Indian missile that could hit Beijing tested

19 April 2012 04:33 am - 20     - {{hitsCtrl.values.hits}}

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A successful test flight of the missile will also strengthen India's nuclear deterrence once it comes into service by 2014-15. With a range of 5,000km (3,100 miles), the Agni-V is capable of delivering a single 1.5-ton warhead deep inside nuclear rival China's territory.

It is 17.5m-tall, solid-fuelled, has three stages and a launch weight of 50 tons. It has cost more than 2.5bn rupees ($480m; £307m) to develop. India's retaliatory, no-first use strategic deterrence is based on nuclear weapons delivered by sea, air and mobile land-based systems.

These include Agni missile variants with strike ranges from 700km to - it is anticipated with the Agni-V - more than 5,000km.

The maiden test flight of the missile, developed by the Defence Research and Development Organisation (DRDO), has been delayed beyond its original December 2011 deadline.

"Fired from a canister-launch system to provide it greater operational flexibility of being either rail- or road-launched, the Agni-V compares favourably with ICBMs in use by nuclear weapons states like Britain, China, France, Russia and the US," DRDO chief VK Saraswat said.

Briefing reporters at the recently-concluded Defexpo 2012 in Delhi, Mr Saraswat said that advanced technologies incorporated into Agni-V were "far ahead of other countries with few exceptions, like the US".

'Innovative'
 
Missiles available to other nuclear weapons states employ relatively older technology, he said.

Agni-V's innovative technologies include composite rocket motors, guidance ring-laser gyro-based inertial navigation systems, micro-navigation systems and accelerometers to measure the ICBM's acceleration and detect any change in its vehicular motion.

Composites have been extensively used to reduce the ICBM's weight. A third, miniaturised stage has been added to the Agni-III to boost its range from 3,500km to 5,000km.





DRDO scientists said many of the components of the Agni-III and Agni-IV - which were successfully test-fired over the last two years - have been incorporated into the latest missile.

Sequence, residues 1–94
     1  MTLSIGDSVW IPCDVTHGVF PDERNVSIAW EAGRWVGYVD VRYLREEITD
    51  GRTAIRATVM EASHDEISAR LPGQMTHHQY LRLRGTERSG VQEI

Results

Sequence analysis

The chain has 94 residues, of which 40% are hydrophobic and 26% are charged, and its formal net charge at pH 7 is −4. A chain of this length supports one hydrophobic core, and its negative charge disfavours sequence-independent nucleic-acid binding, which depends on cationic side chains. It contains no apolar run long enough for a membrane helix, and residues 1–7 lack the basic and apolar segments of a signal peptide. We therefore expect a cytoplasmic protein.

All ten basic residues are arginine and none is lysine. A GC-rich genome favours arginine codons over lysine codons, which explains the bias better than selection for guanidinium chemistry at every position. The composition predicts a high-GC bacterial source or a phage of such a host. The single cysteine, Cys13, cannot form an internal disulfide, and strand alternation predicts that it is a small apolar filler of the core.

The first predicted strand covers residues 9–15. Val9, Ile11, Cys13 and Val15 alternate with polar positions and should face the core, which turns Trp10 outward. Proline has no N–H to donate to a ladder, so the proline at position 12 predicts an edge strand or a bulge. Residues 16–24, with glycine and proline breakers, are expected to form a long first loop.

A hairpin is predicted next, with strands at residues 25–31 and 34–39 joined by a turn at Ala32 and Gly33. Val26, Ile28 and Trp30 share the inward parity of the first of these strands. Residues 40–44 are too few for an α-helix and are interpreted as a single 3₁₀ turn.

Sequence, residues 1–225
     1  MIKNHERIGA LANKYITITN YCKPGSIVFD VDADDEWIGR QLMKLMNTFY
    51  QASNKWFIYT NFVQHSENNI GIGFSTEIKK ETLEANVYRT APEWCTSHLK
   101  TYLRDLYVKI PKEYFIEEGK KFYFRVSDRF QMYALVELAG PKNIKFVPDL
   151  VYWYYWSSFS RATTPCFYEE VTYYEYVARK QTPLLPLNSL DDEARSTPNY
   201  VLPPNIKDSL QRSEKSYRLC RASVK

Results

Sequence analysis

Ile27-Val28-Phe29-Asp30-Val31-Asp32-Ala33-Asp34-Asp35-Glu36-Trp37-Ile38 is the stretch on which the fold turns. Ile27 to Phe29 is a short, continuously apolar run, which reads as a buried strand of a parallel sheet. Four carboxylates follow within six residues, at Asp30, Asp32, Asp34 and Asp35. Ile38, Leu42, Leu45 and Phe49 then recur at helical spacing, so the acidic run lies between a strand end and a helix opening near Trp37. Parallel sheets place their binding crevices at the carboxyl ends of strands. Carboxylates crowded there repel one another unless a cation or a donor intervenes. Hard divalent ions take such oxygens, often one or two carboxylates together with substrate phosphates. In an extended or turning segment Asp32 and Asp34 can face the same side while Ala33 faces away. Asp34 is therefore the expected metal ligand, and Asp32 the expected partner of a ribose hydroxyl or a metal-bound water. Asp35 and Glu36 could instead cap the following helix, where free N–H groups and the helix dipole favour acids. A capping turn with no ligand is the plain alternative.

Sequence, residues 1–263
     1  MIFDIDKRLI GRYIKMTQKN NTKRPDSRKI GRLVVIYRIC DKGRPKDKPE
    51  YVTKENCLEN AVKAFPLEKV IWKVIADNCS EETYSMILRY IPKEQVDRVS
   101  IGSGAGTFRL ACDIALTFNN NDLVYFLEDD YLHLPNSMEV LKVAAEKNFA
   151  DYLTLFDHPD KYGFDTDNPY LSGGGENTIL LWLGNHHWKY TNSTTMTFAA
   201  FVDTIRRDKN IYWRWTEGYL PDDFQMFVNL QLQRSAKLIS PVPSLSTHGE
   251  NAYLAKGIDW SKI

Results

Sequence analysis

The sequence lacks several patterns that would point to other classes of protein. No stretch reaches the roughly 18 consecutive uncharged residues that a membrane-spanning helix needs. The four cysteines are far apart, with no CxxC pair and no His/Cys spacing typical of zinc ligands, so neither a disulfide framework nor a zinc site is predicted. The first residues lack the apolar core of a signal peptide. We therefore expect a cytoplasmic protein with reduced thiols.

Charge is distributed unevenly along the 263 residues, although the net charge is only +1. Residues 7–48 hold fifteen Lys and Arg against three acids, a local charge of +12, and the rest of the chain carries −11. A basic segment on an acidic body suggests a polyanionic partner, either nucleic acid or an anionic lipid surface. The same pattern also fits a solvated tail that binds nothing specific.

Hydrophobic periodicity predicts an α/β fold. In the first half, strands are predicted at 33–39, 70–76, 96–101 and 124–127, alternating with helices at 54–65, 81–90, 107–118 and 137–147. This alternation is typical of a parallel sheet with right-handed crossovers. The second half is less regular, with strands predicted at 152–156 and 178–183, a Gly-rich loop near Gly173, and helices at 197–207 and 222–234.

Avinash Chander, director of the DRDO-run Advanced Systems Laboratory, which is closely involved in developing the Agni missiles, says engineering the Agni-V's third stage proved to be a major technological challenge.

"It (the third stage) slopes into the warhead stage and has a conical motor. So far, we have only been doing cylindrical motors and building that was difficult," Mr Chander said in October last year.

DRDO officials say a reduced payload will further enhance the Agni-V's range to beyond 5,000km.

"Agni-V will provide India with much-needed dissuasive deterrence against China which at present it lacks," said former Brigadier Arun Sahgal, joint director of the Institute of National Security Studies in Delhi.

"With Agni-V trials, India's strategic lacunae will to a large extent be overcome," he added.

India, which came off worse in its 1962 border war with China over one of the world's longest-running disputes, had claimed that fear of Beijing's burgeoning nuclear arsenal was responsible for it conducting its five underground nuclear tests in May 1998.

Concern over China's intermediate- and long-range missile capability also hastened India's indigenous programme to develop its own strategic weapons.

Indian military planners remain apprehensive over China's nuclear-capable DF21 intermediate-range ballistic missile (IRBM) and its many variants which have ranges of 1,500km-2,250km.

These are deployed across Tibet and south-west China and are capable of striking major Indian cities, including Delhi.

India's arsenal of IRBMs, on the other hand, includes the Agni-I, Agni-II and Agni-III with ranges of between 700-800km, 2,000-2,300km and over 3,500km respectively.

The missiles are being built at Bharat Dynamics Limited in Hyderabad under the DRDO's supervision and operated by the Strategic Forces Command